Re: [xsl] i18n approach

Subject: Re: [xsl] i18n approach
From: Jeni Tennison <mail@xxxxxxxxxxxxxxxx>
Date: Tue, 6 Feb 2001 09:51:11 +0000
Hi Dimitre,

>> In order to use a single XSLT stylesheet on a particular set of
>> source XML files, they need to have something in common.
> The most common feature is that they are written in XML.

Well, OK.  You can do things like have a stylesheet that always copies
whatever source XML you pass it, or always just gets rid of it, or
turns it into a browsable tree like the inbuilt stylesheet on IE does.

On the i18n side, you can easily put together a generic stylesheet
that filters for a particular language:

<xsl:param name="lang" select="'en'" />

<xsl:template match="@*|node()">
   <xsl:if test="lang($lang)">
         <xsl:apply-templates select="@*|node()" />

Or I guess you could create a generic stylesheet that accessed and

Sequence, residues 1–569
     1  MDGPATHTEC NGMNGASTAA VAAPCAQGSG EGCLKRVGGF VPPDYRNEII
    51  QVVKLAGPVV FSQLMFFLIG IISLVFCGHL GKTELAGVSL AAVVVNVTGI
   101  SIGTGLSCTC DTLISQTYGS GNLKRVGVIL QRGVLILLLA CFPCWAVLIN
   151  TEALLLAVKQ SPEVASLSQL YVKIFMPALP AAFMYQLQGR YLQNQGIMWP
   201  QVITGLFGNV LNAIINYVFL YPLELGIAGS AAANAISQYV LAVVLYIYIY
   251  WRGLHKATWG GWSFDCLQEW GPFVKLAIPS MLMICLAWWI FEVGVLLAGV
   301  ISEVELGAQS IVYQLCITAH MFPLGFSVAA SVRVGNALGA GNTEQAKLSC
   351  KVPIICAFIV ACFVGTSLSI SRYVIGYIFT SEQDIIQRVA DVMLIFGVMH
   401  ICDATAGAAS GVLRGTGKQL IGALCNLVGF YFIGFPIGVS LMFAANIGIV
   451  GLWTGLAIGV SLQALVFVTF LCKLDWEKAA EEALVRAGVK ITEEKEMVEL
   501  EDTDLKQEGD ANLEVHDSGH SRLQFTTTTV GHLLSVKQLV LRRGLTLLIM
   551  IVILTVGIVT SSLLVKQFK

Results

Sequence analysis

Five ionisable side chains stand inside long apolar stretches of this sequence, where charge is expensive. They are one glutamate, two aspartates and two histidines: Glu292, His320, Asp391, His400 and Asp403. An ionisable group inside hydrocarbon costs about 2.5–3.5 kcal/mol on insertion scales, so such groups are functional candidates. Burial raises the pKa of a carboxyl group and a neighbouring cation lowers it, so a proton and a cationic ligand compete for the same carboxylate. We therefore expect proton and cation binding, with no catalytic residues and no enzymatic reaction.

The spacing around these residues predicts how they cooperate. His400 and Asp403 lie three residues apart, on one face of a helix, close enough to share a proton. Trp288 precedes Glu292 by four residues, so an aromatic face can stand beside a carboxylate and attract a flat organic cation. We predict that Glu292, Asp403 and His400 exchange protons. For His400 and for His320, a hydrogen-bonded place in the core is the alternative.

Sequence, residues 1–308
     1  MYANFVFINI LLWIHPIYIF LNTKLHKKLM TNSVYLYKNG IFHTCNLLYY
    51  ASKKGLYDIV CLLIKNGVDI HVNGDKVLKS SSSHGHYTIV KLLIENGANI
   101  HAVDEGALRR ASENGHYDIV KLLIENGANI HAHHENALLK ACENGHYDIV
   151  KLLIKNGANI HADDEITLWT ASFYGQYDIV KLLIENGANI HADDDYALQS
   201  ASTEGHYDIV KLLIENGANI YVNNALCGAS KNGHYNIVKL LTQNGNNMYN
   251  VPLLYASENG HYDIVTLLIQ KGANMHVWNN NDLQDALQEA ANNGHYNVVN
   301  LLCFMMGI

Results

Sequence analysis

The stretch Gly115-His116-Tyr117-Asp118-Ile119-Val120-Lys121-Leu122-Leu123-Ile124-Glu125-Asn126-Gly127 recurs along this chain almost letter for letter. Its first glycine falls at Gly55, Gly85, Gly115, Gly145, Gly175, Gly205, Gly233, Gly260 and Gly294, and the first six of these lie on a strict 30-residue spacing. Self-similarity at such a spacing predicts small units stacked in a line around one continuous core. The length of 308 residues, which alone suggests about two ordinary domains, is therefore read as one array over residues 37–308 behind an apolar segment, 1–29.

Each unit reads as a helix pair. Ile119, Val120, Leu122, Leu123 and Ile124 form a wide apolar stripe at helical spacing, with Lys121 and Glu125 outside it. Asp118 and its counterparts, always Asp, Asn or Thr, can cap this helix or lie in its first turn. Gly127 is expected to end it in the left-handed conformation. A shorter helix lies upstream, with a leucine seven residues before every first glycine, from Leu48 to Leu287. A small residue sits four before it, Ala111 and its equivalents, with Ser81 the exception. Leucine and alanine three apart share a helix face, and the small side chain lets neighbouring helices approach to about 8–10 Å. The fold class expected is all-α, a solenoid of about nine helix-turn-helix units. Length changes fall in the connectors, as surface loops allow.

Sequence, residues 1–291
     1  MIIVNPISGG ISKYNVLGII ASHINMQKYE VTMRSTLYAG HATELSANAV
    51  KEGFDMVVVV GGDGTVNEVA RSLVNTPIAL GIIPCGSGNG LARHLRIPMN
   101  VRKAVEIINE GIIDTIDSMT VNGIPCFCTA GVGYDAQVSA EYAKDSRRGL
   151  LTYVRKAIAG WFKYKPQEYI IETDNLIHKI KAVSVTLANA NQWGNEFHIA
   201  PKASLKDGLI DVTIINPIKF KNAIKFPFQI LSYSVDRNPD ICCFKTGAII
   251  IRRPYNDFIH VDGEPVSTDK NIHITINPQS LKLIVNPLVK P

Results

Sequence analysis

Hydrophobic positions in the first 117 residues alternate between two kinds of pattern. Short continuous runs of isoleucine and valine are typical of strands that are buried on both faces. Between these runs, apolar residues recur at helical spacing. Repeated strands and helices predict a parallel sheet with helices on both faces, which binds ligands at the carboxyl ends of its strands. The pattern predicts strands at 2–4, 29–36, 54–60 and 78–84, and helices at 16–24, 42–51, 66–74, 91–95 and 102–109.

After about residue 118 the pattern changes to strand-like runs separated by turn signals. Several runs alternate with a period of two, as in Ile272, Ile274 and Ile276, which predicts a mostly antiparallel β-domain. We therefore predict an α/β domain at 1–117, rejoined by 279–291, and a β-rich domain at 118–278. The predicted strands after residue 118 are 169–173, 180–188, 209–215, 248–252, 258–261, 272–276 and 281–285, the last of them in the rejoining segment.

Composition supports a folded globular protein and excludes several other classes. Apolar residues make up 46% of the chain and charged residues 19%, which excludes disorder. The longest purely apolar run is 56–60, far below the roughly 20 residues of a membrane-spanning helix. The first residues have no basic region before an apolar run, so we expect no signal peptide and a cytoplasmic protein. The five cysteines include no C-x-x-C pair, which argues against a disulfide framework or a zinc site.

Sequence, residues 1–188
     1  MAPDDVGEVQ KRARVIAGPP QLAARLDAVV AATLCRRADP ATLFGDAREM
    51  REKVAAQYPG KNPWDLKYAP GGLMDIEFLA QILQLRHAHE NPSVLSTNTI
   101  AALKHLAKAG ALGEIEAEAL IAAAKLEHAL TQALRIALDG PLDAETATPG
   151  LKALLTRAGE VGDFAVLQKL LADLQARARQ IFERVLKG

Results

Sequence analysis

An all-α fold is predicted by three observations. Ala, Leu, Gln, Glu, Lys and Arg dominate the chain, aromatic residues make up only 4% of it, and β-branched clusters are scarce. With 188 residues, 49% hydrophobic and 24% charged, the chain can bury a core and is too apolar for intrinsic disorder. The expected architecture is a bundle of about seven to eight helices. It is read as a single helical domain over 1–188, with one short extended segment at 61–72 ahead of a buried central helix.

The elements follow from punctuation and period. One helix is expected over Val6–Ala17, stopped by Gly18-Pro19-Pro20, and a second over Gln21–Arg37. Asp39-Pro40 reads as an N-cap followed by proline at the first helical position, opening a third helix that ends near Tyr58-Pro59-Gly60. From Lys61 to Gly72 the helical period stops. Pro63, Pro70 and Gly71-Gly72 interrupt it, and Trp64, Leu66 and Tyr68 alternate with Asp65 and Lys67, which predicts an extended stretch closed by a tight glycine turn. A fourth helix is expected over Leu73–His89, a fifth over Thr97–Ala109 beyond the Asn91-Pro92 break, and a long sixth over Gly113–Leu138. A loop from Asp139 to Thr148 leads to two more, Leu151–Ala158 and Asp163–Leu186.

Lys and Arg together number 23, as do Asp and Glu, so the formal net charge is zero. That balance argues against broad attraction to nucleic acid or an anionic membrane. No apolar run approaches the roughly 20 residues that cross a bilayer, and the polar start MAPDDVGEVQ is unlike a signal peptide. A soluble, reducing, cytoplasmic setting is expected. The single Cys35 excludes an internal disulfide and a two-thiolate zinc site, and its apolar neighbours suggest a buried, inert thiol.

copied a source XML file in a particular language:

<xsl:param name="lang" select="'en'" />

<xsl:template match="/">
   <xsl:copy-of select="document(concat('source_', $lang, '.xml'))" />

> I think Jeni is being shy here -- I know a whole class of very
> different XML files that have a very useful single stylesheet to
> process them -- the XML files are an instance of any possible
> stylesheet, the stylesheet is her XSLDoc application...

The XSLTDoc application actually uses knowledge about the *XSLT*
vocabulary to build up its views, and couldn't do half the things it
does if it didn't.

But yes, I concede that generic viewers and browsers are a set of
applications that are possible without an intimate knowledge of a
particular XML vocabulary (though I think that they can be much
enhanced if they know a bit about general things like XInclude, XLink,
XML schemas and other special vocabularies). I don't think that
Andreas was after a generic viewer, though.



Jeni Tennison

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